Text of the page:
In April–June 2012 he filmed the fantasy adventure movie Mariah Mundi and the Midas Box throughout the South West of England, playing the title role of Mariah Mundi. The movie is scheduled for release in 2013. Barnard also featured in Trap for Cinderella (2013) directed by Iain Softley which was based on the book by Sébastien Japrisot as well as portraying the character Claude in Francesca Gregorini’s drama thriller, Emanuel and the Truth About Fishes.

Barnard portrayed King Richard III of England in the television series The White Queen on BBC One. Barnard also portrayed the character John Trenchard in a two part adaptation of “Moonfleet” that was filmed in Ireland.
[source] Wiki


AneurinBarnard_White Queen

The Lost Northbound Train – Part Eleven

Chapter Eleven – Learning and Coping

John finished his story at that same moment, and Dylan clapped his hands in delight.

“Another one, another one!”

“No, Dylan,” his big sister scolded, “John already told you three stories and …”

Margaret saw how the girl’s eyes suddenly opened wide and how the boy followed his sister’s gaze.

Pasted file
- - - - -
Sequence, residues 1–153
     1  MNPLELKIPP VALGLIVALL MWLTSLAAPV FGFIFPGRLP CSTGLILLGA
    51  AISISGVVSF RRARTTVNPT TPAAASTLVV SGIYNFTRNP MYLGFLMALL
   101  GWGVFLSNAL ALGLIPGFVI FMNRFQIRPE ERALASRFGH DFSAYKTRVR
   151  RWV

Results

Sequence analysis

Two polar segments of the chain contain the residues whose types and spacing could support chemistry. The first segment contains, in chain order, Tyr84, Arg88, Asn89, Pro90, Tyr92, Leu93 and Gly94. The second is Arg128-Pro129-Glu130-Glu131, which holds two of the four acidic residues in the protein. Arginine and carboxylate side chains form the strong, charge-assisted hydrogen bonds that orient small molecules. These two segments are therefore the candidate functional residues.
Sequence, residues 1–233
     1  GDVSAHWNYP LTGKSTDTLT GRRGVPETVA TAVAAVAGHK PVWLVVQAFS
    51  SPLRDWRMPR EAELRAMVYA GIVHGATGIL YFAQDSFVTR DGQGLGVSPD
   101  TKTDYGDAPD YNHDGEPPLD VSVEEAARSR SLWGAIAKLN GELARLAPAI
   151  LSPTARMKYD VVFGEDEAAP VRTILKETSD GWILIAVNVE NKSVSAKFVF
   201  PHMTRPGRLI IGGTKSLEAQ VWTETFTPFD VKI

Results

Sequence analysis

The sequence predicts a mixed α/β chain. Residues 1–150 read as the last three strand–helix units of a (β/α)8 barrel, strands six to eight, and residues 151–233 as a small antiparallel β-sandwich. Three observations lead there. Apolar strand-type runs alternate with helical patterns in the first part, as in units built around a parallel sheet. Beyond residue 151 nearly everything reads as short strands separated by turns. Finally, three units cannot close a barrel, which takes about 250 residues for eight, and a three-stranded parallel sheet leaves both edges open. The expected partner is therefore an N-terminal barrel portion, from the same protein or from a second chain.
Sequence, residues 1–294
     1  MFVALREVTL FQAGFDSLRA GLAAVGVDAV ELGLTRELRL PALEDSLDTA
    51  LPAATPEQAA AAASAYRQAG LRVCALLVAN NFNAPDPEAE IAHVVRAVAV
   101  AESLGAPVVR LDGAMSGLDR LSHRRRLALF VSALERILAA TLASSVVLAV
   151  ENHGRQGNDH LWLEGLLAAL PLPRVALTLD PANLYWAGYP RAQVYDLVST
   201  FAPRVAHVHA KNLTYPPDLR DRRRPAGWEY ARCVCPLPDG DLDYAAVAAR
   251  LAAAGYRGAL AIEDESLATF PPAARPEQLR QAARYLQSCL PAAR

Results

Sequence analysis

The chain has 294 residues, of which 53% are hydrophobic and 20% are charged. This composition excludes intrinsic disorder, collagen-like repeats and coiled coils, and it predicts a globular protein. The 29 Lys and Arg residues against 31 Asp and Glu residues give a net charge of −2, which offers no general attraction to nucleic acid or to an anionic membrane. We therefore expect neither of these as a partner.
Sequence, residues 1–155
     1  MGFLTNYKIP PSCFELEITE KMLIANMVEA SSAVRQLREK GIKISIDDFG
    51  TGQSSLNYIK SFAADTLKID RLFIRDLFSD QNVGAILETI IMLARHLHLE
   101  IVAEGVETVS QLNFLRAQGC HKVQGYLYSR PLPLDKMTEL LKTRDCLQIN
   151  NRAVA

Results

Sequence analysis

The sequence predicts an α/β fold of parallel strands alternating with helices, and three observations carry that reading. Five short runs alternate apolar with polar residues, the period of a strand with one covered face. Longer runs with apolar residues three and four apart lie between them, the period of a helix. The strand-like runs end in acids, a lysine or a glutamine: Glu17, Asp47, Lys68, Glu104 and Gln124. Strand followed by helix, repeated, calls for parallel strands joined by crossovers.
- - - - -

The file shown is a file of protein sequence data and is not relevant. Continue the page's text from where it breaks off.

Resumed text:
“Daddy!” Both children jumped from their seats and ran toward a man who opened his arms to gather them into his embrace.


A sweet smile lit John’s face when he saw the man’s relieved happiness at seeing his children unharmed. Earlier on, the nurse who’d attended their mother, had reassured them of her welfare. She was only mildly injured and was now being treated for a broken forearm so the children would be allowed to see her soon. John stood and turned to see Margaret watching him with bright eyes and a certain look in them he had not seen before. It sent his pulse racing as a rush of sheer desire went straight through him.

“Good day, my love. I did not know you were here too?”

“I came with Marjorie. John, were those children involved in the accident?”

“Yes … their mum was but she is well now. The little boy was so frightened, Margaret, and his sister, God! I have never seen so much pent-up anxiety in someone’s eyes before. And so much … forlornness! Yet she kept herself strong for her little brother’s sake. I am glad their father has come, and that their mother is going to be alright.”

“Have you been here long, darling?”

“I have no idea, Margaret, I came here with Jowan when chaos broke out. There is not much I can do to relieve physical pain but I saw that the relatives of the injured people were left on their own. I took pity on the children and I wanted to help.”